Evanston aldermen are scheduled Tuesday to discuss whether to ban themselves from expressing their own opinions in city-produced email newsletters to their constituents.

In a memo to the City Council’s Rules Committee responding to a referral from Alderman Cicely Fleming, 9th Ward, Assistant City Attorney Alexandra Ruggie suggests that personal opinions of elected officals should be barred from the newsletters.

Ruggie says the personal views, when included in newsletters that contain the city logo and are produced using city staff time and the city’s email domain, give “the appearance and legal effect that these personal opinions are shared by the City” and “have the potential for liability for the City if the opinions pertain to isues that go to future litigation.”

She suggests that elected officials who wish to share their personal opinions about city business with their constituents should do so in their own capacity, “without the City’s logo, without use of City staff time and without utilizing the City’s email domain.”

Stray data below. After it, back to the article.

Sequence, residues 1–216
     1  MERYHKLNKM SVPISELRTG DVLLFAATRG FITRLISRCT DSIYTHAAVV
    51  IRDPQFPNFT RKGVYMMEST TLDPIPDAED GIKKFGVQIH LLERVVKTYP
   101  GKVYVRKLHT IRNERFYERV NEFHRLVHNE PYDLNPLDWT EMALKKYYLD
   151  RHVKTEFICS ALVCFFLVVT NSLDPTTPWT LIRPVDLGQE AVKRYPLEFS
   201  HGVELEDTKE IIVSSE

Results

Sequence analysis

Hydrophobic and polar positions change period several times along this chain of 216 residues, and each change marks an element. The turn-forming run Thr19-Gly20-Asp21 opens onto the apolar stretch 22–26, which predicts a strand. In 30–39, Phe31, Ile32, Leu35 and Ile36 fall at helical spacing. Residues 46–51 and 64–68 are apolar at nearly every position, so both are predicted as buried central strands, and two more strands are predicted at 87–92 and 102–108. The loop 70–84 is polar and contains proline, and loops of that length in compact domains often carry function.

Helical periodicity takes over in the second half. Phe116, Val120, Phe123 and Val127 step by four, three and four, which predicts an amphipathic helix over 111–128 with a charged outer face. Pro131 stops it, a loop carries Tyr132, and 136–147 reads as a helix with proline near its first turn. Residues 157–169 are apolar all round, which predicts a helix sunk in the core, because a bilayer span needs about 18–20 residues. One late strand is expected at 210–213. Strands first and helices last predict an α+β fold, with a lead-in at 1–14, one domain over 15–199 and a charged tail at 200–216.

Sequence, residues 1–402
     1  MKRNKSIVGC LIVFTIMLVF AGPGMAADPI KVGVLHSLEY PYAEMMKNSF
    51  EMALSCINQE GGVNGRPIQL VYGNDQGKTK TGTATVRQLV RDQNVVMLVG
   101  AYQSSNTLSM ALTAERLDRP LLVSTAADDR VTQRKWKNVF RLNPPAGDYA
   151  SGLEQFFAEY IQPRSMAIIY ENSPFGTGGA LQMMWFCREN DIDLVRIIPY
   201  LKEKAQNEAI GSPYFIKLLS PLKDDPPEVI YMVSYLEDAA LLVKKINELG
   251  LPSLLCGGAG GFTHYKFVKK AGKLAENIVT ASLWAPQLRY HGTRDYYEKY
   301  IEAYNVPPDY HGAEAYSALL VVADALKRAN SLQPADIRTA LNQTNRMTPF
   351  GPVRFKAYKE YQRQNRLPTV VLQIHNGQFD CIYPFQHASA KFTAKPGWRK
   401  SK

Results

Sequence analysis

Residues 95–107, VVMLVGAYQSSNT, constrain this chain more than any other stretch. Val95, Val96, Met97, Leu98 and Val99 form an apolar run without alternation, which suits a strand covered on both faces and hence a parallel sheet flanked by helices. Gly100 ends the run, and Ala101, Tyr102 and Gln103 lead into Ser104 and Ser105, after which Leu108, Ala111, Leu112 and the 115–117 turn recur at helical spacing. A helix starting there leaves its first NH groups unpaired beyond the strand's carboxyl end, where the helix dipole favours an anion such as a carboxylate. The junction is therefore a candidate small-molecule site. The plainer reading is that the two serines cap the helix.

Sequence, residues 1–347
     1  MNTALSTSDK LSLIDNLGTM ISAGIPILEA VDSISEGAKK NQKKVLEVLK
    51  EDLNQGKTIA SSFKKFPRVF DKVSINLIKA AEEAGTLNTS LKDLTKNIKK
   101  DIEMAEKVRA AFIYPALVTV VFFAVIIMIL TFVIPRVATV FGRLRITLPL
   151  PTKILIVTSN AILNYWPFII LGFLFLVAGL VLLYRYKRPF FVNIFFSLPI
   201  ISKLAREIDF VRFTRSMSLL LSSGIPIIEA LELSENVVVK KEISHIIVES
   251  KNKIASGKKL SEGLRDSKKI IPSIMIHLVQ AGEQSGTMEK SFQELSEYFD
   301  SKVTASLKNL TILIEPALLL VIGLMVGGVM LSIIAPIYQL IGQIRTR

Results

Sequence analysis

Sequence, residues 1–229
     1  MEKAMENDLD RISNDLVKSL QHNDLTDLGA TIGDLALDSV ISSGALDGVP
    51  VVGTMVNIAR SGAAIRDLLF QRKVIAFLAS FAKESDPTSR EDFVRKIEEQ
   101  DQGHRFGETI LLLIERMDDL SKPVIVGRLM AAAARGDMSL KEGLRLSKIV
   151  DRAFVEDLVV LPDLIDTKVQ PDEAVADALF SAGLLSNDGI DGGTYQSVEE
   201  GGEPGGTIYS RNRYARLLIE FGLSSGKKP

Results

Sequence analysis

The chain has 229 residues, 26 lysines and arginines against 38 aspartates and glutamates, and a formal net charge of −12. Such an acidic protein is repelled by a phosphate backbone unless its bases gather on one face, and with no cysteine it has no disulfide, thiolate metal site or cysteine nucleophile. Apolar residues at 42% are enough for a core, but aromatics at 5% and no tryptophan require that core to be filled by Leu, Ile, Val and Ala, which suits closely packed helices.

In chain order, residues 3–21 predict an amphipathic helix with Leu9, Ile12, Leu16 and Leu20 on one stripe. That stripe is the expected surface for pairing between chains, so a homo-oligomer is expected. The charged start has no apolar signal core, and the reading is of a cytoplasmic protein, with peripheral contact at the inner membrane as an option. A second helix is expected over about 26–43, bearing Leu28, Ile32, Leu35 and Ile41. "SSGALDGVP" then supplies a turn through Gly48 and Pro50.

For the most part ward newsletters have had anodyne content — mostly reprinting city news releases and providing meeting announcements.

But on a few occasions recently some aldermen have injected their own views into their newsletters — as when Alderman Tom Suffredin, 6th Ward, and Fleming each explained why they voted against approving the city budget and when Suffredin urged rejection of a zoning change to permit commercial events at Welsh-Ryan Arena.

Apparently only Alderman Ann Rainey, 8th Ward, currently operates an independent system for communicating with constituents, using the QuickTopic message board platform.

Ruggie didn’t provide a response to the other question Fleming posed, about whether a departing alderman should be able to get a copy of the list of the email addresses of the recipients of their ward newsletter, but said the Council needs to set a policy about that.

Bill Smith is the editor and publisher of Evanston Now.

Leave a comment

The goal of our comment policy is to make the comments section a vibrant yet civil space. Treat each other with respect — even the people you disagree with. Whenever possible, provide links to credible documentary evidence to back up your factual claims.